Someone joked on another blog that one of the main benefits of getting a treadmill desk is that then you get to tell people you have a treadmill desk. More of that is truer than I’d like to admit, but I came across mine for a current total cost of $40: I helped my dad move and he gave me his treadmill. I use the term “gave” lightly because he suggested that it’d be nice of me to pay him eventually, which I will…eventually. Who doesn’t like getting $50 checks in the mail for 4 months? That’s way better than $200 all at once, right?

So right now, besides endangering my husband’s sanity and safety by roping him into carrying it down into the basement with me, it’s all set up, complete with a SurfShelf, the aforementioned $40 investment I mentioned earlier. Promises of 5 minute setup times are laughable when you’re on your 5th attempt at proper configuration and feeling dumb that you can’t wrap straps and plastic around some more plastic.

How the SurfShelf is supposed to look on a treadmill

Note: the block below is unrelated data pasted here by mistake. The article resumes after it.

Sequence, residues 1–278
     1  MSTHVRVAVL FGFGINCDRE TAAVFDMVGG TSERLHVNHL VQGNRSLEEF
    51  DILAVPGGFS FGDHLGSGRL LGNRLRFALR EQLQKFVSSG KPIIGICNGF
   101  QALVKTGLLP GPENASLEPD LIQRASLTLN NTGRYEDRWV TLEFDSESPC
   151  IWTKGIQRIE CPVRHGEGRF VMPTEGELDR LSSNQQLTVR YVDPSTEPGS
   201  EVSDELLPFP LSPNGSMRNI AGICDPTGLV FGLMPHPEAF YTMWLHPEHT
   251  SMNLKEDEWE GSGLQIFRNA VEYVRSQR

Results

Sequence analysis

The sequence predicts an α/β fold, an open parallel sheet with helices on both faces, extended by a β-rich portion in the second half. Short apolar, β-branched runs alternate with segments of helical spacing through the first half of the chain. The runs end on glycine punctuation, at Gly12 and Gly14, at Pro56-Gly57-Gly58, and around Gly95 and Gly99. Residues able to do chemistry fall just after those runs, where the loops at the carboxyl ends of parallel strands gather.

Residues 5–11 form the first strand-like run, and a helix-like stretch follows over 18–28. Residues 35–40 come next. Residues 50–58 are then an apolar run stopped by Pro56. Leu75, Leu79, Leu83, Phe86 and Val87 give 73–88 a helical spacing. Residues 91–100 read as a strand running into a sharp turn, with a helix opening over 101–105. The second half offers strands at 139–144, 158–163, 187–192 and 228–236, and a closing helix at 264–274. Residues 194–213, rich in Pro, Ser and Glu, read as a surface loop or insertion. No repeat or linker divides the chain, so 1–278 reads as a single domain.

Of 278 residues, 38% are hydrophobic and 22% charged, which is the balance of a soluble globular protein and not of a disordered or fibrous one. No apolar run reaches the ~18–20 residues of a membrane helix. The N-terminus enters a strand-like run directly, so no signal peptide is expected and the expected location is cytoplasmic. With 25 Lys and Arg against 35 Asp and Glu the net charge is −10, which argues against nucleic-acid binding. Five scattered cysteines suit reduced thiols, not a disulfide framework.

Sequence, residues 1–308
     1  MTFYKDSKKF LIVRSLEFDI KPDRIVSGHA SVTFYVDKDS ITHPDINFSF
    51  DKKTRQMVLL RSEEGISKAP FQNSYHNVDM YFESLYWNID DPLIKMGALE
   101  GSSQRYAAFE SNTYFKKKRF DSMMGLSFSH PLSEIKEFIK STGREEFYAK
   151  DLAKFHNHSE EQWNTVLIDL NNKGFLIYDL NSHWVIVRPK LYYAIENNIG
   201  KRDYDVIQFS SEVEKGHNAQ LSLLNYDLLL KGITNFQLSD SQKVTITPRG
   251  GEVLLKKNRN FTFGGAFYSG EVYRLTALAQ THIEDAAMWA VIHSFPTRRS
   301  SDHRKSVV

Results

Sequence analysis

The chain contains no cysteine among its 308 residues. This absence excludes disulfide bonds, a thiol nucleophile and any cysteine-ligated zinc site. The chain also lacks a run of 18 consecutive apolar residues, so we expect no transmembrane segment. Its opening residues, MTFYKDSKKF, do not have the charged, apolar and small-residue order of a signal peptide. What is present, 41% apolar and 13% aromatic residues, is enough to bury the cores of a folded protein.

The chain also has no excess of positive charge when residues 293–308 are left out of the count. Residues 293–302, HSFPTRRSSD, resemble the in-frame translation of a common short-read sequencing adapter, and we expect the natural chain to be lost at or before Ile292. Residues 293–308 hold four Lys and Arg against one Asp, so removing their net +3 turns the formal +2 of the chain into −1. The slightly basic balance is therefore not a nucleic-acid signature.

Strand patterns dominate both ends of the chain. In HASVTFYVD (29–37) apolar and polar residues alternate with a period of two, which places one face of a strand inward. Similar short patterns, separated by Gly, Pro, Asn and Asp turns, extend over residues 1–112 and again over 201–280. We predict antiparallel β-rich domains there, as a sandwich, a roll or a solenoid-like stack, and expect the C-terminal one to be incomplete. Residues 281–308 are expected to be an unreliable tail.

How the SurfShelf is supposed to look on a treadmill

Eventually I ended up with something that works. The SurfShelf isn’t flat against the surface, but after thirty minutes of hell attempting to make it so (a sweaty hell for some reason), I gave up and am happy with what I’ve got. So far, it’s been better than my attempts at a standing desk because I don’t notice the walking as much as I did the standing. I walked over 5 miles Thursday at 1.8 MPH and didn’t have any pain or soreness, unlike the standing desk.

I can type and walk and then rub my FitBit steps into everyone’s faces (silently of course, I let the rankings do the talking), so I see this as a win-win.

 

Kelsey Jones

Kelsey Jones

Founder/Chief Marketing Consultant at Six Stories
Kelsey Jones helps clients around the world grow their social media, content, and search marketing presence. She enjoys writing and consuming all kinds of content, both in digital and tattered paperback form.
Kelsey Jones
Kelsey Jones
Kelsey Jones

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